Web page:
Additionally, VR is not just for the novice. Ongoing employee development also benefits from VR’s versatility. Seasoned operators can leverage VR to refresh their skills or cross-train on new equipment, maximizing jobsite efficiencies.

Making VR Training Accessible
Ditch Witch introduced its latest training platform for HDD Guidance at Bauma in 2022 and later showcased it at CONEXPO and Utility Expo in 2023. Designed in a trailer to make VR training accessible and mobile for the OEM, the lessons mimic the hands-on work of underground construction. The Subsite Marksman VR lessons, coupled with Ditch Witch's HDD simulator featuring actual drilling console controls, provide operators with a diverse skill set.

While drilling is traditionally easier to teach, tracking the drill head and helping guide the driller present a unique set of challenges. The Subsite Marksman VR tackles this by visualizing underground utilities and equipment working in tandem, enhancing training effectiveness. HDD Guidance training is split into two lessons: the first covers equipment setup and calibration of a tracker, which has proven to be one of the most difficult jobsite tasks, while the second focuses on beacon tracking and its critical role in underground construction and directional drilling.

The upcoming third lesson will teach operators how to run a drill and tracker simultaneously, mimicking a real-world application to ensure trainees are set up for success. The training blends text and audio instruction and is currently available in Spanish, English, and German.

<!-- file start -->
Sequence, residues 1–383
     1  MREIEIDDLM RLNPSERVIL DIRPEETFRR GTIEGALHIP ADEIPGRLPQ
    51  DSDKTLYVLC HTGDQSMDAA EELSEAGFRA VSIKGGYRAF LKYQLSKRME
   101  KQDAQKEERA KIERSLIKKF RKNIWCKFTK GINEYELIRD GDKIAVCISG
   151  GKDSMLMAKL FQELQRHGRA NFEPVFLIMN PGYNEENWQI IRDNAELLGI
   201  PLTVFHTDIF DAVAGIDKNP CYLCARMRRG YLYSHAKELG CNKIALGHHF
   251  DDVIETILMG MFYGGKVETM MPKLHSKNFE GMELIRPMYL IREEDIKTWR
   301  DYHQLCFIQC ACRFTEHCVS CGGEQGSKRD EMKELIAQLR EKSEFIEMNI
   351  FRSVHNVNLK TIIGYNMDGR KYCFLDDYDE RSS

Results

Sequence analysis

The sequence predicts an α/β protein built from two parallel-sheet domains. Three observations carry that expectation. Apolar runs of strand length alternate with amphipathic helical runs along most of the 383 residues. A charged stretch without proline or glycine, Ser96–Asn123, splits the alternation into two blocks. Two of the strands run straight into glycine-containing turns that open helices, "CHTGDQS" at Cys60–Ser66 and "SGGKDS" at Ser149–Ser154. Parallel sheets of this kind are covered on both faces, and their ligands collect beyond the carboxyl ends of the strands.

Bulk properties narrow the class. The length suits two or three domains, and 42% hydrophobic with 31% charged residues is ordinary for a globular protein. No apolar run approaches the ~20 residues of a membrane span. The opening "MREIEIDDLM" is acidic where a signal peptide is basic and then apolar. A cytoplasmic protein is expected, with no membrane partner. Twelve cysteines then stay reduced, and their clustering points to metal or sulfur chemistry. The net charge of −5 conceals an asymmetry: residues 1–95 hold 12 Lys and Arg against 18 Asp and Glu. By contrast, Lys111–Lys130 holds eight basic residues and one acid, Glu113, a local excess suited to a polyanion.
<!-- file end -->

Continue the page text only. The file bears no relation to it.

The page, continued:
Future Forward
Virtual reality is revolutionizing training in underground construction, serving as both a compelling recruitment tool and a means for experts to refine their skills. With the growth of technology, VR will broaden its applications, integrating diverse equipment to streamline training, attract new talent, and improve jobsite safety. As VR becomes more prevalent, it has the potential to bridge the skills gap, mitigate workforce shortages, and shape the underground construction industry of the future.

To learn more about these training options, operators should reach out to their local Ditch Witch dealer.

Deere CE
Your local Deere & Co dealer
Coastline Equipment
Deere CE
Your local Deere & Co dealer
Coastline Equipment
Gomaco
Your local Gomaco dealer
Terry Equipment